The Republic of Malta, more commonly known as Malta, is a small southern European island country in the Mediterranean Sea that lies south of Sicily, Italy. The archipelago of Malta is comprised of seven islands, but only the three largest islands are inhabited. These three are Malta, Gozo, and Kemmuna. Malta, the largest of the three islands, receives the most visitors and contains the capital Valletta. Kemmuna or Comino is a tiny island that is mostly a nature reserve. Gozo or Għawdex is best known for its rich history and for the fact that you can see the Mediterranean Sea from almost anywhere on the island.
What to see & do
National Museum of Archaeology, Malta – Malta's National Museum of Archaeology, located in Valletta, contains prehistoric artefacts. Among the most significant collections housed in the museum are displayed in the Early Neolithic Period Room and the Temple Period Room. In addition, there are temporary exhibitions based on a particular national interest such as the Silent Warriors exhibition and Carravagio L’Immagine Del Divino.
Manoel Theatre – The Manoel Theatre is a significant performing arts venue in Malta. The theatre was named after António Manoel de Vilhena, the 66th Prince and Grand Master of the Order of the Knights Hospitaller who ordered the construction of the theatre in 1731. Manoel Theatre, or simply “The Manoel,” as it is often referred to, is reportedly Europe's third-oldest working theatre.
Golden Bay – The beach set within a cliff in northwest Malta is one of the most popular sandy beaches in the island. It is a popular spot for swimming, beach barbeques and parties, and for watching spectacular sunsets.
Azure Window-Inland Sea-Dwejra Bay – Gozo also has its share of spectacular sights, including the Azure Window-Inland Sea-Dwejra Bay. The Inland sea has shallow and calm waters and a pebbly shore, but it's most impressive attraction is the limestone natural arch called the Azure Window. The formation was created after two limestone sea caves collapsed, and has since become a popular site for scuba divers.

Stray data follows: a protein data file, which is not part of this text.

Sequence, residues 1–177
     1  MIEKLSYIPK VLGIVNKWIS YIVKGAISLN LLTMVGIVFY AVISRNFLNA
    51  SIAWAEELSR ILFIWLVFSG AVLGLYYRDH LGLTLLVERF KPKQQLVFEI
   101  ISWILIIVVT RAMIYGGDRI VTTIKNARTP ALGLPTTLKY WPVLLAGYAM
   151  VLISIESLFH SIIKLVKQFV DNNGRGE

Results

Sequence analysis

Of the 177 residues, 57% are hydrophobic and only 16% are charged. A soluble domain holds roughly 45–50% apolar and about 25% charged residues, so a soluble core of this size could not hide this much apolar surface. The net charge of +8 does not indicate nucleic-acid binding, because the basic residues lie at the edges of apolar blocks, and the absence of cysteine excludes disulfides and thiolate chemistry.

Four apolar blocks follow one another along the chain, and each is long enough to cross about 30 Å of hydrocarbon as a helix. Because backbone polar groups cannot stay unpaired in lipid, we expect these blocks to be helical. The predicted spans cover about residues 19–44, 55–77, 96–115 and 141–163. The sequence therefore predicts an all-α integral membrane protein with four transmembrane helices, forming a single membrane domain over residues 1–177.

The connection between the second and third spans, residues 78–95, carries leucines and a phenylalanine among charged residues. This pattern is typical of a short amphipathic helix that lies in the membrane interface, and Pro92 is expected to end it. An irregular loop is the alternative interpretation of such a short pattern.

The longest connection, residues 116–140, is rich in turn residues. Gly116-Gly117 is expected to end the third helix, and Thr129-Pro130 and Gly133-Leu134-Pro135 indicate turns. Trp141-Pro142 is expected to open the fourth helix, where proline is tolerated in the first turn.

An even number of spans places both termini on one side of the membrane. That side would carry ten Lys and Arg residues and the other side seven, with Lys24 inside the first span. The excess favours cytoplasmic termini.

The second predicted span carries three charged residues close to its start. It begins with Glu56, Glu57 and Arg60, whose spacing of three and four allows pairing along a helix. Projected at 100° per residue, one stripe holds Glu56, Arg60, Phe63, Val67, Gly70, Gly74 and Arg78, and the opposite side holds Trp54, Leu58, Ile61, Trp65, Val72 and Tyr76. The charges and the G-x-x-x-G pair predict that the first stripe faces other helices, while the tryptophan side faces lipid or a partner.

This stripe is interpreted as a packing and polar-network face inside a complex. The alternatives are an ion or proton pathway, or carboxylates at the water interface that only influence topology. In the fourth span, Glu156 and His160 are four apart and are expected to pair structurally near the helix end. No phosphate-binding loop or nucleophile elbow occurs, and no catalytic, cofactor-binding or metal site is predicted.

How to get around Malta
Although renting a bicycle in Malta is not very common, there are bike rental shops all over the island. Riding a bike will allow you more flexibility to explore, but it can be quite dangerous for main roads because of the lack of bicycle lanes. Stick to country roads for safety. Renting a car is also a great, faster, and safer way to explore the country. Driving conditions have improved greatly and renting is inexpensive. Malta is also served by an easy-to-use and affordable bus system. Apart from local buses, there are hop-on-hop-off buses that have an open top. The bus tour service begins from the Sliema Ferries and from Valletta, where passengers can hop on and off whenever they please at the designated stops along the route. As for taxi service, there are two types: white taxis are the ones that can legally be hailed off the street, but the cheaper local black taxis have to be pre-booked. Taxi tours can also be arranged.
How to get there
The primary and only international airport serving Malta and the whole of Maltese Islands is Malta International Airport. The airport is situated between the villages Luqa and Gudja, 5 kilometres southwest of the capital. It is also sometimes called the Luqa Airport locally, or Valletta Airport internationally. The airport is well served by airlines such as Air Berlin, British Airways, easyJet, Ryanair, Vueling, and most notably by the island’s very own Air Malta. Flights that arrive at Malta International Airport depart from international airports in various European countries.
Images by Flickr\ramonbaile
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